Q&A with Epic's interoperability chief on how data-sharing is advancing

As health data-sharing improves, but at a slow pace, the nation's largest EHR vendor, Epic, plays a big role in helping to create a clinically interoperable healthcare system. The company controls about a third of the U.S. hospital market share.

In the second part of a series on medical data exchange, Becker's talked to Matt Doyle, Epic's software development team lead for interoperability, about what the company is doing to ease the sharing of patient information among healthcare providers across health systems, specialties and geographies.

Note: His responses have been lightly edited for clarity and brevity.

Q: What will it take to get a level of EHR interoperability where if a patient winds up in the emergency department on vacation in another state, healthcare providers there have easy, digital access to their medical records from back home?

A: Epic's foray into interoperability happened a long time ago, in the early 2000s. It really started with a couple of events that happened, and our community coming to us and saying, "When patients come in, we need the full medical history, we need their current med list, etc., so we can help them get good care, so we can help them make the right decisions to get healthy and get back on their way."

There was one story that sticks out to me very early on from a pediatrician. There was a kid who had some chronic diseases, who just had a rough go at health, and their family was on vacation, and something happened, and they went to the emergency department. And because that doctor did not have the full medical record and didn't know what the history was with this child, they weren't able to make the right choices, and they didn't see how the healthcare they were delivering might have unforeseen consequences. And there was preventable harm, and the patient was injured.

And the pediatrician back home said several times, "If only they had seen this patient's medical record, if only they could have seen her history, they would have known how to take care of her, and it would have been easy. It would have been easy to make the right decision if only they had known."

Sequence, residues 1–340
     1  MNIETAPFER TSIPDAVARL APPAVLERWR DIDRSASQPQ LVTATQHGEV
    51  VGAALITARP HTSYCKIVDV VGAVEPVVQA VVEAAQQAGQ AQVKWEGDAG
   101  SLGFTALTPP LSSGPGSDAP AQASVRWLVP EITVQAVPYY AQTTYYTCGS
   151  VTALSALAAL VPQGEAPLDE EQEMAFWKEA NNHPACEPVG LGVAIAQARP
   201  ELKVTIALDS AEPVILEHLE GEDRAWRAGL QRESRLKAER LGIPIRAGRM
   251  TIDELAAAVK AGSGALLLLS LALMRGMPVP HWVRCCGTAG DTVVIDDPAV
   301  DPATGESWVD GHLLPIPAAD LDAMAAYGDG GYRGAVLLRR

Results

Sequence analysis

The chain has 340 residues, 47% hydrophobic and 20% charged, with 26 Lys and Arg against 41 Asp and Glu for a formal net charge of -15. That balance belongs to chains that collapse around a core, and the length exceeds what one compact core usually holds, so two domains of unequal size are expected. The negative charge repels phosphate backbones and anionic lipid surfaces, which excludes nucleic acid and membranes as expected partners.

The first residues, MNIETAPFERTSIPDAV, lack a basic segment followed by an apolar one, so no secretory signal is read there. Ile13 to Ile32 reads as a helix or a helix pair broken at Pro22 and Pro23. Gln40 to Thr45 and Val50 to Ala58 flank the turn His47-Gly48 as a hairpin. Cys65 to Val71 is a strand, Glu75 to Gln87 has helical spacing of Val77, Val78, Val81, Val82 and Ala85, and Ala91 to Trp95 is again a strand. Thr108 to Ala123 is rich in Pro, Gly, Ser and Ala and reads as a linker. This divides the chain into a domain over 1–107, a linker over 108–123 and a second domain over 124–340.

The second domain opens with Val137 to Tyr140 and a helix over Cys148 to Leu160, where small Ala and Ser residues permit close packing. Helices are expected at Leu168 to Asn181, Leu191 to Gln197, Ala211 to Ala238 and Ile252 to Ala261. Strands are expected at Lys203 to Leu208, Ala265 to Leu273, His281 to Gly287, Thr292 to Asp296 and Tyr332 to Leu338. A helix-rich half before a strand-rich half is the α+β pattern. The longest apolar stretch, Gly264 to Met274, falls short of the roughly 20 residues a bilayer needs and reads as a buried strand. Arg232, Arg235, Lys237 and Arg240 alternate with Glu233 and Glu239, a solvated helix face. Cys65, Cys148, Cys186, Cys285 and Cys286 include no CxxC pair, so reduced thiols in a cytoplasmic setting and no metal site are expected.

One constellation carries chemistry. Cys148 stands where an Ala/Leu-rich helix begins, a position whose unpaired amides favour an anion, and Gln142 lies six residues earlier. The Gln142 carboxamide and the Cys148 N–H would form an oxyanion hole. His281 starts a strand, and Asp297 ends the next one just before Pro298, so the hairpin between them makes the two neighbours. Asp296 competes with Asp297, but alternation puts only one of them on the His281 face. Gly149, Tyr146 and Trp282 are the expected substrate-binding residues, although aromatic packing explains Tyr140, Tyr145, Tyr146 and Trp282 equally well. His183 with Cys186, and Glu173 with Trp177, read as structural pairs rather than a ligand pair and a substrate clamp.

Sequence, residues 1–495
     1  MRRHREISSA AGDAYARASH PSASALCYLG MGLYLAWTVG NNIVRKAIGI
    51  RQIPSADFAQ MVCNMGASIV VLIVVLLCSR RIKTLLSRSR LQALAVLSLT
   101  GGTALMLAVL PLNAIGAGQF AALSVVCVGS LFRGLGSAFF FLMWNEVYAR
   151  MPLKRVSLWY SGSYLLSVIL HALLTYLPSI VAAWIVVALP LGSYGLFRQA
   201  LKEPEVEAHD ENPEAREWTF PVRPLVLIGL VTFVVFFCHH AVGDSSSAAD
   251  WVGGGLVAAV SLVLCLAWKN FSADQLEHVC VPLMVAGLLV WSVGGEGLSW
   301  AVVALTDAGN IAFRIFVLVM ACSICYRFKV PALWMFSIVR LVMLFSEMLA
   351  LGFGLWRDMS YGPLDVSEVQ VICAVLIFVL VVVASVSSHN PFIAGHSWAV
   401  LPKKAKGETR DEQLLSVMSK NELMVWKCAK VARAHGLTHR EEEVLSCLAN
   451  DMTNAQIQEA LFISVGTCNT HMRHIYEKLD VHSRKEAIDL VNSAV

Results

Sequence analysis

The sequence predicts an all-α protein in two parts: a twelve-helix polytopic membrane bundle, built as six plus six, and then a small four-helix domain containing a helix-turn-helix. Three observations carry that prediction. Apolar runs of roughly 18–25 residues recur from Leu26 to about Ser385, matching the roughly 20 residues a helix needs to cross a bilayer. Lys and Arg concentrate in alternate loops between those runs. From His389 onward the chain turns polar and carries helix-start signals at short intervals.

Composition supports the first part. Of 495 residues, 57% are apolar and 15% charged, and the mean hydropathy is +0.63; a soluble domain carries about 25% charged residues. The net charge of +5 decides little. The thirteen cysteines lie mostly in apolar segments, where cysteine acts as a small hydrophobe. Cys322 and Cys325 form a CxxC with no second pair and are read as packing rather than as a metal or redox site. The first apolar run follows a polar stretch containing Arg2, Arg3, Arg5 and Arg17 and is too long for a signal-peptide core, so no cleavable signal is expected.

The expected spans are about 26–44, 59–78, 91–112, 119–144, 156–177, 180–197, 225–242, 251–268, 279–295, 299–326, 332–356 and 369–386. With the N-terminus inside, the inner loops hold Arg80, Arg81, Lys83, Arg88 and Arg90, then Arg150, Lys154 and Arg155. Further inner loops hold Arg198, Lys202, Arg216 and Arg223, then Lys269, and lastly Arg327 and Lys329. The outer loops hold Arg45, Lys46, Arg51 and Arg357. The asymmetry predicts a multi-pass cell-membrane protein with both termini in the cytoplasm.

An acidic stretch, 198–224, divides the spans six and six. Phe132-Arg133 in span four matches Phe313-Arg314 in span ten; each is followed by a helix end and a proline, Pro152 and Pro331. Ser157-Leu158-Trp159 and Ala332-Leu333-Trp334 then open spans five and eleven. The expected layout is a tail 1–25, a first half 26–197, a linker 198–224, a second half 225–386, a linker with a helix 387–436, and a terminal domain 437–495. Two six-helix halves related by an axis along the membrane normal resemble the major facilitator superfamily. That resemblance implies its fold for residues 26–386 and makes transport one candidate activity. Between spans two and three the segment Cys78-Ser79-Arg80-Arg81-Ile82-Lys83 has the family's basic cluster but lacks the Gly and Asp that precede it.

So it was stories like that that really catalyzed us and our community into getting involved in interoperability very early, long before the discussion at the national level, long before the meaningful use program, long before a lot of the incentives that we talk about at the federal level today. It really began with stories like that, and people saying this is the right thing for patients. It's the right thing for care. How do we make this work?

Care Everywhere is the toolset we built to facilitate treatment-based interoperability. It has been around for a long time. We started work on it a long time ago, but the first customers came live in 2008. And since then, it's grown very rapidly. In addition to connecting to other healthcare providers using Epic, we can connect to others who use other platforms. At the time when Care Everywhere started, other vendors really weren't doing interoperability so it started just Epic to Epic. But as others got ready, we were able to connect to them. And it's been very important to us from the beginning that we follow national and international interoperability standards because we want to make sure that when a patient goes to another health system, their information can follow even if it's on a different toolset.

In addition to connecting together provider organizations — that could be clinics, that could be urgent care centers, that could be hospitals — our community has also been very successful connecting to federal partners. So beginning in 2011, our community connected to the SSA [Social Security Administration], to the VA [U.S. Department of Veterans Affairs], to the DOD [U.S. Defense Department].

Those last two have been really personally interesting to me, because we know that our nation's service members, both active and former, get care at the federal level, but also get care in the private sector. And it's been really important that we connect those together so they're getting the best care possible. And when they have to go to the private sector for certain advanced care, they know what's been happening for primary care at the federal level. So our community has led the way on that for well over a decade and has numerous success stories going on there.